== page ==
OT: Priorities (was: Re: Stack with the same name loop)
paulmcclernan at gmail.com
Sat Oct 23 12:02:39 EDT 2021
On Thu, Oct 7, 2021 at 11:56 AM Bob Sneidar via use-livecode <
use-livecode at lists.runrev.com> wrote:
> I say the people at Livecode LTD. deserve all the recompense they can get,
> and by the way, we should be thankful to Steve Jobs who gave us Hypercard
> (and actually convinced Apple to give it away for free!
This may be going slightly further off topic, but it's a subject
I've recently become very interested in again, and so for the sake of
accuracy I'd like to try to correct this...
It was actually HyperCard creator Bill Atkinson that gave HyperCard
(originally called WildCard) to Apple on the condition that they would give
it away to users included free with Macintosh computers.
According to Bill, Jobs was actually angry that Atkinson refused to leave
Apple to join Jobs' new company NeXT. Bill wanted to finish HyperCard and
so stayed at Apple. Meanwhile NeXT created Objective C / NeXTstep, AppKit,
etc. (much of which is open source, still available as GNUStep, thanks to
Roger Stallman requiring Jobs to do so to use his GCC compiler). That's
stuff that became the basis for the modern macOS.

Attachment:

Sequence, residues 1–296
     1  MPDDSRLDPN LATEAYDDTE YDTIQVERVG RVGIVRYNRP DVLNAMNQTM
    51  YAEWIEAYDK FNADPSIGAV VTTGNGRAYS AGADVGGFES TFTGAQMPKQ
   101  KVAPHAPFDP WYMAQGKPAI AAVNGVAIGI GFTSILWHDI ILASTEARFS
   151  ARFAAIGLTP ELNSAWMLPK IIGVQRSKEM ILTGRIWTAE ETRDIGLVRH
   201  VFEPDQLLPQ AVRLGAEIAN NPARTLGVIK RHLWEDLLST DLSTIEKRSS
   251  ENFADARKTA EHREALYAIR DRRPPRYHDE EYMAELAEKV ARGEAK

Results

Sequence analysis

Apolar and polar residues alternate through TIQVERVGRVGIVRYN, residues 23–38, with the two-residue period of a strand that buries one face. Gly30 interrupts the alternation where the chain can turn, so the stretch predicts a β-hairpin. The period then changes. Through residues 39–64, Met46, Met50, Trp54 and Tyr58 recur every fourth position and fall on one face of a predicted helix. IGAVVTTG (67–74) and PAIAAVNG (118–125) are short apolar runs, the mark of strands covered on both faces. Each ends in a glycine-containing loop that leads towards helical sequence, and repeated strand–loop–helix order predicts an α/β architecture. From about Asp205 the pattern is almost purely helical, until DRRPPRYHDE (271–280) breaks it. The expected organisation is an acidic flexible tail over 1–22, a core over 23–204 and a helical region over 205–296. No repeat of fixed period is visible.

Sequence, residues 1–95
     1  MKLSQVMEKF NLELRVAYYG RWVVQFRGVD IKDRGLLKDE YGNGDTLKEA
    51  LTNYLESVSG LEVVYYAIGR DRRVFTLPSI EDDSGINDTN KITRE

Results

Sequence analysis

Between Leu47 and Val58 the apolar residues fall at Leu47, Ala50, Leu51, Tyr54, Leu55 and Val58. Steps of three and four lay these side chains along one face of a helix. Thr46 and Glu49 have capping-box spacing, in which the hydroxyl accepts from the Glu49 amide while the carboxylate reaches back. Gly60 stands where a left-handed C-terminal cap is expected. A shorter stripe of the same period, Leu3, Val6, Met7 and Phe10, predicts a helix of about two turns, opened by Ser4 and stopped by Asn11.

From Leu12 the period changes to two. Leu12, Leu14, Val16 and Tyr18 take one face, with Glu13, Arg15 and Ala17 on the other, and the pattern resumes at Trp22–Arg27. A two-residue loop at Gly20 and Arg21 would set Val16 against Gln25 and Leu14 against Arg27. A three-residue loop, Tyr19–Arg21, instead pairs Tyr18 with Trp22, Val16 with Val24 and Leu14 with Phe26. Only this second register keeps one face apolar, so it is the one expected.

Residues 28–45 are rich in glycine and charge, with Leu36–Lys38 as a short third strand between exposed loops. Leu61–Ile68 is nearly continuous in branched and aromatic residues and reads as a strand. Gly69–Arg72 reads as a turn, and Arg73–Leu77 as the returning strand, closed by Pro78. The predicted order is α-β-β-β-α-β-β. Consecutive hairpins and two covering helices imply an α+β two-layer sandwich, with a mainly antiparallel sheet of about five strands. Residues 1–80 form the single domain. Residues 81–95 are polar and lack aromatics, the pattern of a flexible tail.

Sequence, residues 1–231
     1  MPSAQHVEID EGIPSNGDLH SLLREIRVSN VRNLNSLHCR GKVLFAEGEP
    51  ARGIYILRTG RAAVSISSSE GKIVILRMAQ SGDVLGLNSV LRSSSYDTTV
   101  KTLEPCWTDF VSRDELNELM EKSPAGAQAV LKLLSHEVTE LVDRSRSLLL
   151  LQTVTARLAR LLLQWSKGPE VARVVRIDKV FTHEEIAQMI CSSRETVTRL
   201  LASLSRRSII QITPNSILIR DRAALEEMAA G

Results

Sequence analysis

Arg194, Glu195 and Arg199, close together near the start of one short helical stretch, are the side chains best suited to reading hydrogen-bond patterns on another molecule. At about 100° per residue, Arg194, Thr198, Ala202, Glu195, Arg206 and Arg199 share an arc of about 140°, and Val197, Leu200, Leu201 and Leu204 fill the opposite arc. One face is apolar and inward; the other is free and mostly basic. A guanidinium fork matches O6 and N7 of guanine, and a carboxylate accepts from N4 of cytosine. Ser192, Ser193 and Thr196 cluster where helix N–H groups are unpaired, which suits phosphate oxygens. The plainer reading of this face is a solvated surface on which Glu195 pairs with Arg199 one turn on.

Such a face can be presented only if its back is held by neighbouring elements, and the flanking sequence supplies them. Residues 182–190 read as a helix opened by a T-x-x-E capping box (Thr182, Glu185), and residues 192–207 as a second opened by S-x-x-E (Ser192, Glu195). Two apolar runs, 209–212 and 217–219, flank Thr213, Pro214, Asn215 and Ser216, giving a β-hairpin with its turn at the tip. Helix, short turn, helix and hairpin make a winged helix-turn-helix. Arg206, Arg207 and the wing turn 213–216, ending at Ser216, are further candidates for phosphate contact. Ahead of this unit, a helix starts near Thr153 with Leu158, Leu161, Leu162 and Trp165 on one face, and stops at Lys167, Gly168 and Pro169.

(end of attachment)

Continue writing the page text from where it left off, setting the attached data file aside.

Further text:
In the late 80s the first, and more advanced, clone of HC, SuperCard showed
up, but Apple didn’t sue, they had a working group to standardize HyperTalk
compatible languages (commonly known as xTalk).
Over at Apple HyperCard while financial troubles hit, HC was spun off to a
new subsidiary Claris (now FileMaker Inc.), which re-released HC as
seperate a commercial product, and then HC's popularity started to wane.
Scripting language, came to be. Which further reduced HCs popularity.
Eventually HC was returned to Apple Proper, but hitch was then going to be
used for QuickTime Interactive features of QT 3.0, which didn’t happen due
to a shift towards streaming movies over interactivity.
When Jobs came back to Apple, allegedly Jobs didn’t like HyperCard because
it had “Sculley’s Stink all over it” because Jobs blamed John Sculley for
convincing Atkinson to stay at Apple, and so under Jobs, Apple stopped
supporting HyperCard, leaving it to wither away and die.
HyperCard’s early success popularity was in large part due to it being
freely available and ubiquitous on Macintosh, not in spite of it. Of course
Apple was (and much more so now) a large company that could afford to give
away a product like that to add value to its platform.
I like the idea that in some alternate universe timeline where Apple
successfully made XTalk a widely used standardized language, interactive
pages of information and interactive content is being driven by xTalk
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